When ICS/LABA maintenance and reliever was compared to the same dose of ICS alone with SABA as required, there was an absolute reduction in exacerbation frequency by 8.1%.  When compared to an increased dose of ICS alone with SABA as required, there was an exacerbation frequency reduction of 11%. Furthermore, ICS/LABA as both maintenance and reliever was associated with improved FEV1 with a mean difference of 0.10 Litres and a reduced need for rescue medication inhalers (mean difference of 0.34 puffs per day). There were very few deaths in either group (3 in total).

Trials comparing ICS/LABA maintenance and reliever to ICS/LABA as maintenance therapy with SABA reliever showed that ICS/LABA maintenance and reliever was associated with a lower risk of asthma exacerbations compared with the same dose of ICS/LABA as maintenance therapy alone (absolute risk reduction 6.4%). Furthermore, there was a lower risk of exacerbation when ICS/LABA maintenance and reliever was compared to higher dose of ICS/LABA as controller only (ARR: 2.8%). However, with respect to FEV1, all-cause mortality, asthma control or asthma-related quality of life, there was no significant difference between ICS/LABA maintenance and reliever and ICS/LABA as maintenance therapy at an equivalent or higher dose.

Overall, this meta-analysis supports the use of ICS/LABA as both maintenance and reliever therapy in persistent asthma given the significant reduction in exacerbation risk compared to conventional therapeutic strategies. Persistent asthma severity was not further defined in most trials except for the pre-requisite that enrolled patients needed to be using ICS prior to study. Most patients in individual trials were using high dose ICS or ICS/LABA indicating severity worse than mild persistent asthma, generally moderate to severe. Patients commencing ICS/LABA as maintenance and reliever should be counselled that although there is a reduced frequency of exacerbations, there is no evidence to support improved asthma control or quality of life with this strategy. Most of the high-quality, randomised control trials assessing efficacy of this approach were performed using a dry-powder inhaler containing a combination of budesonide and formoterol. It should be noted that benefit may be specific to the inhaler device and particular drugs used.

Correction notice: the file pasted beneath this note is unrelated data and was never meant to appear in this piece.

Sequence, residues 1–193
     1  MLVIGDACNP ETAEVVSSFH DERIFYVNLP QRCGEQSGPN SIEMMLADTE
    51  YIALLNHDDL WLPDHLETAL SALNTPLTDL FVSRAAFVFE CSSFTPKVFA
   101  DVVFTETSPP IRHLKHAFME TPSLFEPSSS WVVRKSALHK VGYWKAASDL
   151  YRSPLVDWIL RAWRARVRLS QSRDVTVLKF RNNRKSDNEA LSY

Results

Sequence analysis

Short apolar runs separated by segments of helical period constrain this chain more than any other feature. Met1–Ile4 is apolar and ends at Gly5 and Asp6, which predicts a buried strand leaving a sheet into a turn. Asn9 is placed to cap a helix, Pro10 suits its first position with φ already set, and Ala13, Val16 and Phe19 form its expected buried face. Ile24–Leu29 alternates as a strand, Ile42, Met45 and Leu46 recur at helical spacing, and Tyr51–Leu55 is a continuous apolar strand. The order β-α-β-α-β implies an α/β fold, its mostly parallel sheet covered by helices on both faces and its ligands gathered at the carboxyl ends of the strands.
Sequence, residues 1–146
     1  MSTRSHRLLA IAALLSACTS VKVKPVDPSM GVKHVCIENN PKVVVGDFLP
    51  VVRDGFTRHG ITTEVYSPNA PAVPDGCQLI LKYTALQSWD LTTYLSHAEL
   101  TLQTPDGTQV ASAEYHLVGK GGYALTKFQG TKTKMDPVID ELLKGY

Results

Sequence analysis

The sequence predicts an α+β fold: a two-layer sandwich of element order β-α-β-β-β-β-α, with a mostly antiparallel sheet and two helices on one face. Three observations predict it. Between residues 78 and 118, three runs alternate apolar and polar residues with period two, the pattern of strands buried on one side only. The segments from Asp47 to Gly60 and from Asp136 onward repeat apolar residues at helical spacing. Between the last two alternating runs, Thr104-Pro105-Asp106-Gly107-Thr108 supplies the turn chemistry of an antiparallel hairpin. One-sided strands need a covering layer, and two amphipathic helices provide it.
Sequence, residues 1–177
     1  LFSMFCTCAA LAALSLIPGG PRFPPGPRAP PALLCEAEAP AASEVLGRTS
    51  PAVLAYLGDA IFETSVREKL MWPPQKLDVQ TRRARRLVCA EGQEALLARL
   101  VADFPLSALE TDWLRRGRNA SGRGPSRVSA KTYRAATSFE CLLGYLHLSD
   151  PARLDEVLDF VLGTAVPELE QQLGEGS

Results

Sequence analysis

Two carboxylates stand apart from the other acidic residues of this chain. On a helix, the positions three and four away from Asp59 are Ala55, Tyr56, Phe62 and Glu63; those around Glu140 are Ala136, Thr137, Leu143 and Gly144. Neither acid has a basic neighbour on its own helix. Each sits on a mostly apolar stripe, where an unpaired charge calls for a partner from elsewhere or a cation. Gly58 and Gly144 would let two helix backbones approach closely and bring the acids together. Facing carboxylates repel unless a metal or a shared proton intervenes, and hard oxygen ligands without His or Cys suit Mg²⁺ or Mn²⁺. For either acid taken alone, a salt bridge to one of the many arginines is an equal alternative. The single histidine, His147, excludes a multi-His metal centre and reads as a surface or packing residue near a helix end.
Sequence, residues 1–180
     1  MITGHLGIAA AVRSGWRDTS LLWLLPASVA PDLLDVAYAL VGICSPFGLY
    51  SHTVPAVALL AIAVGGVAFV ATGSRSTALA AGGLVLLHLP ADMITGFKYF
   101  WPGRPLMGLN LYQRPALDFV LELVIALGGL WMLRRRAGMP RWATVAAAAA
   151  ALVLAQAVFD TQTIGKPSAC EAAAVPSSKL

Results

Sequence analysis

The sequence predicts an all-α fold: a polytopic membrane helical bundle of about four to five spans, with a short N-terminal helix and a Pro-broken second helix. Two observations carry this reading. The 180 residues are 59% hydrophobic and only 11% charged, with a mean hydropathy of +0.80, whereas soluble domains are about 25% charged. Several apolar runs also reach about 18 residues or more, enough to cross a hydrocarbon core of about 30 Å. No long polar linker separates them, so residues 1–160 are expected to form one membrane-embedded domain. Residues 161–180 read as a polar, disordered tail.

Despite the multiple trials performed there remained a deficit in our knowledge base. The question as to whether or not ICS/LABA could be utilised as required as a reliever only and without also taking regular maintenance therapy had not been addressed. This has recently been rectified.

Shortly following publication of the JAMA meta-analysis, 2 large, multi-centre, double-blind, randomised trials have provided evidence for the use of combination ICS/LABA as reliever therapy in mild asthma1213. Previous studies had largely studied the effect of reliever ICS/LABA in addition to maintenance ICS/LABA in higher severity asthma. No previous study had included only mild asthmatics taking ICS/LABA as needed without a maintenance regimen containing ICS therapy. Both were industry sponsored (Astra Zeneca). These trials were designed and run in parallel but were powered for different primary outcomes.